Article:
Are you having an emergency? Is it something that can be handled by an Urgent care? Or should you just wait to see your doctor in the morning? We have all asked ourselves these 3 questions. Where you decide to go on a Saturday morning or late evening with a medical concern makes a big difference. It matters to your wallet, to the treatment and expertise you receive and to utilization of ERs and Urgent care clinics. Insurance companies want to keep their costs down and so should you. Here’s a simple guide to follow the next time you have a medical concern that needs attention quickly.
Primary Care Doctor – available during regular office hours. Your doctor works to ensure you are healthy through preventive care, or when you have a medical problem or concern.
Cost – easy copay. A minimal charge on medicare plans.
Urgent Care Clinic – a walk-in clinic where appointments are not necessary (most have Saturday hours). Urgent Care Clinics are set up to help with an illness or injury that does not appear to be life-threatening, but also cannot wait until regular doctor office hours. *Some examples are accidents and falls, breathing difficulties, x-rays, eye irritation, flu, diarrhea or dehydration, severe sore throat and fractures, skin rashes, and urinary tract infections.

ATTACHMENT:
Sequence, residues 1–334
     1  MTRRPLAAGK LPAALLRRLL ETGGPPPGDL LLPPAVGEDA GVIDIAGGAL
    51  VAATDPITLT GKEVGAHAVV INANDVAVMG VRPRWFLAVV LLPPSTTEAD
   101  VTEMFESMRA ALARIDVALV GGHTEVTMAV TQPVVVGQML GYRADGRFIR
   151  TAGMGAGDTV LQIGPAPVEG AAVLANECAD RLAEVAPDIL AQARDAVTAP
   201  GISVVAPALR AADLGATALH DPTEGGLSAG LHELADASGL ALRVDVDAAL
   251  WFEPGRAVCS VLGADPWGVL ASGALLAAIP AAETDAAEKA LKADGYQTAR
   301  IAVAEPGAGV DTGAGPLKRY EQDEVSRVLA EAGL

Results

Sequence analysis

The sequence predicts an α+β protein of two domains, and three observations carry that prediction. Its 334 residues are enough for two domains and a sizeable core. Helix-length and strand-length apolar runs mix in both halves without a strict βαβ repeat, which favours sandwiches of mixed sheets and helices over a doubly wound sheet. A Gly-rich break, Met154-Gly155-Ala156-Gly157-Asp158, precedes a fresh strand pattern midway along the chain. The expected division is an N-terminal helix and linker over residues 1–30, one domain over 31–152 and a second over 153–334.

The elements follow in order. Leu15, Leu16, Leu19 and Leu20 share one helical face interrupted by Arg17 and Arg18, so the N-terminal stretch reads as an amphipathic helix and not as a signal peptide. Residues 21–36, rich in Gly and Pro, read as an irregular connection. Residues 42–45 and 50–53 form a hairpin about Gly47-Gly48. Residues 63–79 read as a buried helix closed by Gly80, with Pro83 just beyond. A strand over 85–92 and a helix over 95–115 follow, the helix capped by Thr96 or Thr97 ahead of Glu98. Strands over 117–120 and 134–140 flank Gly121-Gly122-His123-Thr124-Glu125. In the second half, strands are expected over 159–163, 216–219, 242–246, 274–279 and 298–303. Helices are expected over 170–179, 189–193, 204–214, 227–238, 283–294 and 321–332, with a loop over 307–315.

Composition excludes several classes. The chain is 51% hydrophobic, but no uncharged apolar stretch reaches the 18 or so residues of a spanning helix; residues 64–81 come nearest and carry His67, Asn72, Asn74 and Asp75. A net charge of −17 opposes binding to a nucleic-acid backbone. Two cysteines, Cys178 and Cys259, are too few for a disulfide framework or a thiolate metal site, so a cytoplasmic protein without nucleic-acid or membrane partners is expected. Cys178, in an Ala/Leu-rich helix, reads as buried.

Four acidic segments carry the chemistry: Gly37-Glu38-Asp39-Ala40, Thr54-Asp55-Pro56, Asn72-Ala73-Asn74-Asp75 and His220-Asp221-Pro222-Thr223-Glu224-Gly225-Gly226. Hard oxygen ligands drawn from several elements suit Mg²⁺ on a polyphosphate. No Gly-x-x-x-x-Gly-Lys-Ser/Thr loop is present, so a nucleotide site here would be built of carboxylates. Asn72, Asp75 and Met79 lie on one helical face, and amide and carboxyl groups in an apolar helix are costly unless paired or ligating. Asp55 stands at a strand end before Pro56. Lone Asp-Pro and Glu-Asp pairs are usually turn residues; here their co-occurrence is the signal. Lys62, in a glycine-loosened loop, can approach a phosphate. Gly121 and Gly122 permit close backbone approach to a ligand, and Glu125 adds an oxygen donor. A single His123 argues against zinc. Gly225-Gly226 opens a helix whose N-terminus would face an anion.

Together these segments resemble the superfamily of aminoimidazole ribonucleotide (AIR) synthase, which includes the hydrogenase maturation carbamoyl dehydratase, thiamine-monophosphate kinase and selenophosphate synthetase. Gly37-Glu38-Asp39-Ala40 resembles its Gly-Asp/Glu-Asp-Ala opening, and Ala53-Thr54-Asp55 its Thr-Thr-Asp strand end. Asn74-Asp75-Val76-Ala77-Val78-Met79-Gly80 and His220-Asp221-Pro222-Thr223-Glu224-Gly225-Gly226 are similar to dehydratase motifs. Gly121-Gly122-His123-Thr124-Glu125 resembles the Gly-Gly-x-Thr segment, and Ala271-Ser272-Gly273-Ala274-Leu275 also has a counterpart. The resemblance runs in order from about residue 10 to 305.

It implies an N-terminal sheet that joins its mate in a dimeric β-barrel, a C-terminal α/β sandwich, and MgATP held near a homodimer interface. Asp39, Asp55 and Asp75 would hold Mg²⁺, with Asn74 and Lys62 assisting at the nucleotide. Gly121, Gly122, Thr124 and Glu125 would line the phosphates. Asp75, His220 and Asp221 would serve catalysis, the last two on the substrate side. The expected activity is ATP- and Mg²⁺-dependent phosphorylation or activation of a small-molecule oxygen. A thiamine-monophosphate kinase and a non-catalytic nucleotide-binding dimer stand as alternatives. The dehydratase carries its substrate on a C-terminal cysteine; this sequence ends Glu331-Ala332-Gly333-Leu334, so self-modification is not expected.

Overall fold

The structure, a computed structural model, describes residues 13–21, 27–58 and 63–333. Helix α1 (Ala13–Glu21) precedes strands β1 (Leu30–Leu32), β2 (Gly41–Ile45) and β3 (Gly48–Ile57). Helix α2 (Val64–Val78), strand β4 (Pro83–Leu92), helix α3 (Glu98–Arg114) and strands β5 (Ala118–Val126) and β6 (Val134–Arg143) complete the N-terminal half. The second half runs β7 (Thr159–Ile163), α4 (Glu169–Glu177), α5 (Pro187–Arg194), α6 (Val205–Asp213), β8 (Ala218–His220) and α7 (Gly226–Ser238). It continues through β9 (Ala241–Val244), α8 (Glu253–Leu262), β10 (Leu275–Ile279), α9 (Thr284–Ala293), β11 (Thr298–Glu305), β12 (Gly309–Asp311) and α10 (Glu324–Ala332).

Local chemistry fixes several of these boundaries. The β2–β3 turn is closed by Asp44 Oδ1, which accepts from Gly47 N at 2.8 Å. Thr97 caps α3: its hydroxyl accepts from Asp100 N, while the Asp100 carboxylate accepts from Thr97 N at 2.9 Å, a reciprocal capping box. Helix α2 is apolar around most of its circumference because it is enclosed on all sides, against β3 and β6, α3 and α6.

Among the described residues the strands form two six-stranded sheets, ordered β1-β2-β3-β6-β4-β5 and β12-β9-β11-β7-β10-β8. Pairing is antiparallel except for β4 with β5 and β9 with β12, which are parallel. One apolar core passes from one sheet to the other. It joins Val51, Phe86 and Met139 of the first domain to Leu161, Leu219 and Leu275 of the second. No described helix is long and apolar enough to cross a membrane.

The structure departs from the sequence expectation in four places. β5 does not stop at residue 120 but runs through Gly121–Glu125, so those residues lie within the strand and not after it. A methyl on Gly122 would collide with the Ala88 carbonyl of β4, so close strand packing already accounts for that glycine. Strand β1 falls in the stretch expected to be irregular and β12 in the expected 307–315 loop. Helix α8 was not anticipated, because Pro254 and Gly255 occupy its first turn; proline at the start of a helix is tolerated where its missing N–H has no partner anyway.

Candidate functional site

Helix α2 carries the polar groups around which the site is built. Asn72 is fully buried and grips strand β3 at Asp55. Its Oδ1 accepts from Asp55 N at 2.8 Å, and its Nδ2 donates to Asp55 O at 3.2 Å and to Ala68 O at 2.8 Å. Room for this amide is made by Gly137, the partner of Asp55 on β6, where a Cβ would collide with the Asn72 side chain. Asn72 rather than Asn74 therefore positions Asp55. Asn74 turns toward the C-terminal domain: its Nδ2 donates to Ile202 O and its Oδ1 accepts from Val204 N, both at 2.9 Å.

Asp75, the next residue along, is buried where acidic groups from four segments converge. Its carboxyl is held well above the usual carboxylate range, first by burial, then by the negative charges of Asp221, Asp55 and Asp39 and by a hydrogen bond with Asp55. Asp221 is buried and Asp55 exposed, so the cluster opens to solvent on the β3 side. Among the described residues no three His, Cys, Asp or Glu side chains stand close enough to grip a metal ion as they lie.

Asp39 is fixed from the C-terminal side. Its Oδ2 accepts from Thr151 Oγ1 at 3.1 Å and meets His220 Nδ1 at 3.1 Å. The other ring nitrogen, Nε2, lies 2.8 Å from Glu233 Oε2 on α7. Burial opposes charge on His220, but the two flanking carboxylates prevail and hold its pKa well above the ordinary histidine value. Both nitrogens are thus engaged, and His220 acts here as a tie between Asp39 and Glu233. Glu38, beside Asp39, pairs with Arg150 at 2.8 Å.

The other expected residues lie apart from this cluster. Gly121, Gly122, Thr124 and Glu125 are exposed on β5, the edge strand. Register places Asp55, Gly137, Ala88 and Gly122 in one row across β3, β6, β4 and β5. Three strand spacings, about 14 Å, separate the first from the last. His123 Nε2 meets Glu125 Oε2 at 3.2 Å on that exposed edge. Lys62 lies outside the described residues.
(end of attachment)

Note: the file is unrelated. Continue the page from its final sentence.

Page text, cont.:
Cost – higher than at doctor’s but much less than the emergency room.
The Emergency Room – there to save lives. ERs treat the critically ill and injured first. Many visits to the emergency room are not true emergencies. Patients seeking treatment for minor illnesses wait longer to be seen by a doctor. Some examples of medical emergencies are chest pain with sweating, shortness of breath, radiating pain that moves to the arm or neck, feeling that your heart beats irregularly, severe bleeding, broken bones, burns.
Cost – high copays, high stress, non-emergencies are time consuming.